Rob Nixon, in London Calling, described Naipaul's first book of travel, The Middle Passage, as "a journey of rage into the terra incognita of the self." Naipaul's latest novel, in its final section, journeys into the darkness of the sexual self. It is a journey into a form of awakening and even grace--a new theme within the pattern of repetition I am tracing here--but it is also touched with a tender recoil from cruelty. Adulterous lovers copulate, literally, among snakes. Love is poisoned by the landscape of failure. Africa, then, no less than India in this story, plays a part in a fable, even if the fable is made up expertly from details of a well-recorded life.
This Africa, it would not be a stretch to say, is not very different from Rushdie's New York: Both are imagined by outsiders; both are places animated by fury. The difference lies in how the two novelists imagine the figure of the writer traversing the alien landscape that is so caught up in their fantasy and fear. And that is where, while absorbing all the stories in the news after the events of September 11, I came to an understanding that what Rushdie's Fury relentlessly offered was a species of the writer as exceptional, while what Naipaul's Half a Life returned us to was a sense of the writer as the opposite. In the circumstances of our times, I found resonant Willie Chandran's apperception of life on the streets of London after that social disaster called a race riot:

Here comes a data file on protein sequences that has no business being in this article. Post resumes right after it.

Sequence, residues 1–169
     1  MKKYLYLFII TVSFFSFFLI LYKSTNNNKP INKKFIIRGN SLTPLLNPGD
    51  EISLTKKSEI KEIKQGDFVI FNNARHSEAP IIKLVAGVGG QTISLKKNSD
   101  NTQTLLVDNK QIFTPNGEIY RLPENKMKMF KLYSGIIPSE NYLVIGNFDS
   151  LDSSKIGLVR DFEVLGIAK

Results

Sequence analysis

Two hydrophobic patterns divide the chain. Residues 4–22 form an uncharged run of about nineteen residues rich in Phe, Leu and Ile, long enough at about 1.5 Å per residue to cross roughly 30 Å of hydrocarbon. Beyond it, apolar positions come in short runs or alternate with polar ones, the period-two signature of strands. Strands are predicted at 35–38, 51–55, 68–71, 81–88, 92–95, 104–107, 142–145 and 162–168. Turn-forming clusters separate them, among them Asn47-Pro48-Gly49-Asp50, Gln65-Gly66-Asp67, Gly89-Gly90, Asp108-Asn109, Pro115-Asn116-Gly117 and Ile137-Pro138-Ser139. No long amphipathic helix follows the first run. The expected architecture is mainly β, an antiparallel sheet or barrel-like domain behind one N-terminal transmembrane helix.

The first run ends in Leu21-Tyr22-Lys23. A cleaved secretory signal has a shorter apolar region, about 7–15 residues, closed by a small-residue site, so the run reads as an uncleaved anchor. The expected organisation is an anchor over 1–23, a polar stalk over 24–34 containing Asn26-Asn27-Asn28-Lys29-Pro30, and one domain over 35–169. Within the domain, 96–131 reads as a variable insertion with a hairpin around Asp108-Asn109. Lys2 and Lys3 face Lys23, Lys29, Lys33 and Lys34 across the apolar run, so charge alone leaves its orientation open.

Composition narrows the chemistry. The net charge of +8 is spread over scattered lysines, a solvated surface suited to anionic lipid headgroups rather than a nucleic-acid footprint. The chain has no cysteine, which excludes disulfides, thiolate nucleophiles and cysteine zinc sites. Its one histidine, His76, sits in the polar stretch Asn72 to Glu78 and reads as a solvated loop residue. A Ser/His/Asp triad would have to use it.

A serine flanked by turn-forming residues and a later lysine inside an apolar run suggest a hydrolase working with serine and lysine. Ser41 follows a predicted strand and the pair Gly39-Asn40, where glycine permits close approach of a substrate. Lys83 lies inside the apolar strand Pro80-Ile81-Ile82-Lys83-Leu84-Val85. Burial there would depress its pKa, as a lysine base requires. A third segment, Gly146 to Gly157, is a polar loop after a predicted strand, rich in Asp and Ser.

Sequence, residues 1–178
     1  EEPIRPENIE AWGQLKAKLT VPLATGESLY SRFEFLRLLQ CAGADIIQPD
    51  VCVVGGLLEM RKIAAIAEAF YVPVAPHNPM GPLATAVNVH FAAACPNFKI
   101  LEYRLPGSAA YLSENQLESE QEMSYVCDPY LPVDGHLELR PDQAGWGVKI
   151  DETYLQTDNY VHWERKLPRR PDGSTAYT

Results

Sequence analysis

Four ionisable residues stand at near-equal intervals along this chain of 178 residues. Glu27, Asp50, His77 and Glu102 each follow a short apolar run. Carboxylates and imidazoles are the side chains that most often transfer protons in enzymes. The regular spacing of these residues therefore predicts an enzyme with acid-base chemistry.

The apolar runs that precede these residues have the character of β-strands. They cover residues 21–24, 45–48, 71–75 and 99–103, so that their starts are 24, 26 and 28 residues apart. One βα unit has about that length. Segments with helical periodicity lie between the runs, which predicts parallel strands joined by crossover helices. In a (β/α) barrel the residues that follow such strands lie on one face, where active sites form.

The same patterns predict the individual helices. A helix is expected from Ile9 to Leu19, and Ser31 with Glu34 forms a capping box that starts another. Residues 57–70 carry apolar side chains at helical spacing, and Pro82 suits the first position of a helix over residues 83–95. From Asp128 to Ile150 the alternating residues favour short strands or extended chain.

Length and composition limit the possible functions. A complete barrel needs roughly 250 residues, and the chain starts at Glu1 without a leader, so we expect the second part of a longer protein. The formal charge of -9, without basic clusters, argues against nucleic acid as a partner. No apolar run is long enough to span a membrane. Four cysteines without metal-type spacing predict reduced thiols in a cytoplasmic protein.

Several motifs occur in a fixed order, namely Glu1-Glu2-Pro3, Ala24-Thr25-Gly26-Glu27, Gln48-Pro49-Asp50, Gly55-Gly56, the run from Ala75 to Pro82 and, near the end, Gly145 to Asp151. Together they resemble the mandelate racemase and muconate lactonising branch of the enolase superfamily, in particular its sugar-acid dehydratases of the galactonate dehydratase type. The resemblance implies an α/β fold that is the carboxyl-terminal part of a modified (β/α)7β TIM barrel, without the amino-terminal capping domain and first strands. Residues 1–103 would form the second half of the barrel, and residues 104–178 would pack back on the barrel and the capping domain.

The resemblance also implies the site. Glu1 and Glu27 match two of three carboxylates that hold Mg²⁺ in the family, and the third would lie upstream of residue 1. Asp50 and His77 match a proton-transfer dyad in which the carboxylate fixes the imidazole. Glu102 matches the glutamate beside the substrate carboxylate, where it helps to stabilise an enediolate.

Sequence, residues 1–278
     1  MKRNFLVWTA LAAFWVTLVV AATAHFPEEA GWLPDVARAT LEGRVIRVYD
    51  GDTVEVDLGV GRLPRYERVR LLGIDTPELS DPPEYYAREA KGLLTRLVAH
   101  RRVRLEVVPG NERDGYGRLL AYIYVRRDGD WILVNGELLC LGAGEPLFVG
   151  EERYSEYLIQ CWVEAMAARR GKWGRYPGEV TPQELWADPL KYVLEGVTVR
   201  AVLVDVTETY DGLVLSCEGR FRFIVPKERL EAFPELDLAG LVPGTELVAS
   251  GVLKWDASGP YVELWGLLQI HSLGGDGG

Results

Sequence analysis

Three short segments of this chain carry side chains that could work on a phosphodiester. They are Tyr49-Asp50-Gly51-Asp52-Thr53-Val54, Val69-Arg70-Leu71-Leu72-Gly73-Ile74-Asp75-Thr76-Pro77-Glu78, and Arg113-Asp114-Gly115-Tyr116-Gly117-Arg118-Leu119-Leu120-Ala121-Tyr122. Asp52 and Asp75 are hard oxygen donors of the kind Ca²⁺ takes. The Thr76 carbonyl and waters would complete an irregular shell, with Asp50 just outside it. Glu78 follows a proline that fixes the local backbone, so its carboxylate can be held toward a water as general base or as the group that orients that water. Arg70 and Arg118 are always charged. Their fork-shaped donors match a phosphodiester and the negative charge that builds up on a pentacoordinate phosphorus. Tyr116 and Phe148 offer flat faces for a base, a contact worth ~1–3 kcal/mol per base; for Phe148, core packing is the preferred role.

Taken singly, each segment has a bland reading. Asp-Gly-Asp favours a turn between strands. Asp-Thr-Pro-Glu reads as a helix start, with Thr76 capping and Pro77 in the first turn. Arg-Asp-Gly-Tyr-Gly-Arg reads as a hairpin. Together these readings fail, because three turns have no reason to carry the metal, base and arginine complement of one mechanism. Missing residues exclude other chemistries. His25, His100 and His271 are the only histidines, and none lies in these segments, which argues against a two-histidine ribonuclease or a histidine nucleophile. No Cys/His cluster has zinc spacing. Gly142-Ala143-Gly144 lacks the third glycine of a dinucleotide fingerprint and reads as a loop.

The newspapers and the radio were full of the riots.... It seemed to him that everyone was reading the newspapers. They were black with photographs and headlines. He heard a small old working man, years of deprivation on his face, say casually, as he might have done at home, "Those blacks are going to be a menace." It was a casual remark, not at all reflecting what was in the papers, and Willie felt at once threatened and ashamed. He felt people were looking at him. He felt the newspapers were about him.
This is a literature about us. Here and There. Willie Chandran, fearful that the papers are about him, teaches us that there is getting attention, and then there is getting attention.